James Richard Samuel (Dick) Morris: 1977—1978
Born in London in 1925, Dick Morris was educated at Ardingly College, Sussex and then joined the army, as was expected at the time of war, being commissioned into the Welsh Guards and serving in Palestine.
Once his service was complete, he went into industry with Guest, Keen & Nettlefold, before moving, in 1950, to Courtaulds as a personal assistant to A H Wilson, the Research Director. His talent was quickly spotted and he was persuaded to go to college to complete his academic education. While his early interests had been in medicine he opted to study chemical engineering at the University of Birmingham. He left university with a 1st class honours degree, despite losing an ear in a riding accident just before taking his finals, and the Vice Chancellor's prize for the student of the year.
Returning to Courtaulds he was soon very much part of the growth of the company, seeing the start up of the new viscose factory at Grimsby and the first team into British Celanese in Derby after the merger with Courtaulds. He recommended that the enormous complex at Spondon be split into three factories and found himself appointed manager of the chemical works. He continued with British Celanese for many years eventually becoming Chairman of the company and also a Main Board Director of Courtaulds at the age of 42.
In addition to his involvement in the consolidation of British Celanese as the only successful acetate fibre manufacturer in Europe, he played a major part in many of its associated interests, the most notable of which were probably the establishment of National Plastics and the very successful launch of Lego into the UK.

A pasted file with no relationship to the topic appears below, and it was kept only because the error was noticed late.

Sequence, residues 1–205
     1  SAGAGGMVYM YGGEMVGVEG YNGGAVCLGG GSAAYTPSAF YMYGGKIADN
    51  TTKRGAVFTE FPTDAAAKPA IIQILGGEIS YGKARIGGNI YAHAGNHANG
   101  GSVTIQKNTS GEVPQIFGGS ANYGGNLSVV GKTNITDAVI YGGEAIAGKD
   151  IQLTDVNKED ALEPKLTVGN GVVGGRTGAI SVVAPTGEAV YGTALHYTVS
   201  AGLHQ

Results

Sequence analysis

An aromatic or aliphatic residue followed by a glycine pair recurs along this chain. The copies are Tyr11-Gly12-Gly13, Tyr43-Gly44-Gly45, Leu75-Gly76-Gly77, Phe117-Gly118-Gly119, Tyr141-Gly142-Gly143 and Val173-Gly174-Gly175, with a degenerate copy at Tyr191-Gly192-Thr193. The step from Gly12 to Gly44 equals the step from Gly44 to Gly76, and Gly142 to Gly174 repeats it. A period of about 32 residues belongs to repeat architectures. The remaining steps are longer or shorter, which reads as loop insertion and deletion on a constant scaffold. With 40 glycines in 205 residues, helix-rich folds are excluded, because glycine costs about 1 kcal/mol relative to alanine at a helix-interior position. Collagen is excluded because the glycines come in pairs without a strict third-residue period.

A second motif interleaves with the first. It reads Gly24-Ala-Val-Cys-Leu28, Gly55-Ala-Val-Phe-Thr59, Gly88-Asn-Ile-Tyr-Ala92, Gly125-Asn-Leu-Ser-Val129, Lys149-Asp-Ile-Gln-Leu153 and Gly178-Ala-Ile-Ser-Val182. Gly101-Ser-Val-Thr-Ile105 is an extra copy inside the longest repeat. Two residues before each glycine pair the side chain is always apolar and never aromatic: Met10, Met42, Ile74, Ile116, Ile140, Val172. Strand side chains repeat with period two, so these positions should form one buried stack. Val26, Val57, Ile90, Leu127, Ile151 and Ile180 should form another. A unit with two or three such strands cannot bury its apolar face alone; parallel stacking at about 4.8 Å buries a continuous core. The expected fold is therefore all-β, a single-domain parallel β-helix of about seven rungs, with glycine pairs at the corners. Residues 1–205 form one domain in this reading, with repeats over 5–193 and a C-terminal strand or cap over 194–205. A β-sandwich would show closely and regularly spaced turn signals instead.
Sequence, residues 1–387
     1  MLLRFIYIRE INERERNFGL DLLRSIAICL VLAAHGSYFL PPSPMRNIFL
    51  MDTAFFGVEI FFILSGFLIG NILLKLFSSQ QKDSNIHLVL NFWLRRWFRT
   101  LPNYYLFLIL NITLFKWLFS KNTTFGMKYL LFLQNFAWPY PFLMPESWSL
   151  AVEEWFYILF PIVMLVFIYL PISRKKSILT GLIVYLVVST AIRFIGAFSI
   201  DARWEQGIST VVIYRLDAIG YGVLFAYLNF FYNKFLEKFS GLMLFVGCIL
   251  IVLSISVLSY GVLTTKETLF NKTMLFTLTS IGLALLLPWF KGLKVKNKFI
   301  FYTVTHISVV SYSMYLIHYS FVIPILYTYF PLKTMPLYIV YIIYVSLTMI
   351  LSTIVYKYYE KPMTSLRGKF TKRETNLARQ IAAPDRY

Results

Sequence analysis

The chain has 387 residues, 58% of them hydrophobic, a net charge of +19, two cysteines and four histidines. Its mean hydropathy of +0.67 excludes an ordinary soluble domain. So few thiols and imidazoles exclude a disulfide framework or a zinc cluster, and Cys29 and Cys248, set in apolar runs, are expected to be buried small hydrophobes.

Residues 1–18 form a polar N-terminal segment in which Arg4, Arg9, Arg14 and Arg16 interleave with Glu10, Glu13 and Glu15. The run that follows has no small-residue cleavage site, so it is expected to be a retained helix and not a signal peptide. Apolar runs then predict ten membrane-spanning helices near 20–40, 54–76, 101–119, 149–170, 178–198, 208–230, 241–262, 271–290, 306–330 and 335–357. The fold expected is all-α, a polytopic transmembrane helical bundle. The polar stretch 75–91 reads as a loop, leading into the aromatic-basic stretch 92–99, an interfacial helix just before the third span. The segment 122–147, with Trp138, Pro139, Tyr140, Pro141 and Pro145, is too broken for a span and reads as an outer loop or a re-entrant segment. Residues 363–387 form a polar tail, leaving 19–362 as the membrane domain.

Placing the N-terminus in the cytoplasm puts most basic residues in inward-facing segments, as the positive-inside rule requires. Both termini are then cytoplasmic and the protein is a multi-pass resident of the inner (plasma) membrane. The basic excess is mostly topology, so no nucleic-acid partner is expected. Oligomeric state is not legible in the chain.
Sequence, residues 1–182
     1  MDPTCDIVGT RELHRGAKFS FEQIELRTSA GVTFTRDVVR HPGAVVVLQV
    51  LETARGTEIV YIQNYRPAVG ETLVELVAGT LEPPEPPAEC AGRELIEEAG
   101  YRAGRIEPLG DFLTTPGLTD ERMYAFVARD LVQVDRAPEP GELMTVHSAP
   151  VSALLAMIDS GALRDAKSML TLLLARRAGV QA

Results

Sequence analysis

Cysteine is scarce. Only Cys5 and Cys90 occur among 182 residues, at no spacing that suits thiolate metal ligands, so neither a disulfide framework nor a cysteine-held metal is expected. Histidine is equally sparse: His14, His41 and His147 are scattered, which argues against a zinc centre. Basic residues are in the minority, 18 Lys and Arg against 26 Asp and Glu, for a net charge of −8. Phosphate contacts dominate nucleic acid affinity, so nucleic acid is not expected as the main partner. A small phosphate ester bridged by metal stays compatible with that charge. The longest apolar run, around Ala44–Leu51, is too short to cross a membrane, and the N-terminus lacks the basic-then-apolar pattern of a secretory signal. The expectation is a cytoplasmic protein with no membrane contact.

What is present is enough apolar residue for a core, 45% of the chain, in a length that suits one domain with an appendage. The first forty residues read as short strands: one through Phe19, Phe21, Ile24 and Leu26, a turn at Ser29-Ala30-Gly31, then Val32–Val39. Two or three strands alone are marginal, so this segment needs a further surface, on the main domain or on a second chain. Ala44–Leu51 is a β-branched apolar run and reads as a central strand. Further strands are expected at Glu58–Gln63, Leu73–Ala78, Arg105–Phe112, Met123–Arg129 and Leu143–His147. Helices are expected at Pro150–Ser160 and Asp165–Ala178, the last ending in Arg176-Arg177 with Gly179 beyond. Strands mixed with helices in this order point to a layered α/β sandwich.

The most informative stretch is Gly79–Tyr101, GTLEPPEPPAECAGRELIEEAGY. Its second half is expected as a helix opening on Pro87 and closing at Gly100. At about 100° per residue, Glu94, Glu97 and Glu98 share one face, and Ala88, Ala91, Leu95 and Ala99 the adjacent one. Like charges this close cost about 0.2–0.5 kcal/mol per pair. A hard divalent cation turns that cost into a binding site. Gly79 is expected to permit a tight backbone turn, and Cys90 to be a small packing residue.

Dick Morris was also involved in two other major parts of the Courtaulds Group - British Cellophane and Meridian - and he also spent some time spearheading the Group's export effort in Germany in the early 1970s.
He realised the importance of energy conservation and through his initiative Courtaulds was one of the first major companies to have a conservation programme. As a member of the Advisory Council on Energy Conservation he played an important role in the conservation planning for the whole country. On a similar theme, he had been a Director of British Nuclear Fuels Ltd since 1972 and helped them to form policy in this crucial area.
In 1975 he took over the direction of the technical effort of the Courtaulds Group - research, development and engineering.
He joined IChemE's Council in 1974 at a time when the institution was looking for a new home and energetically sought support for the capital appeal to fund the building of new premises at Rugby.
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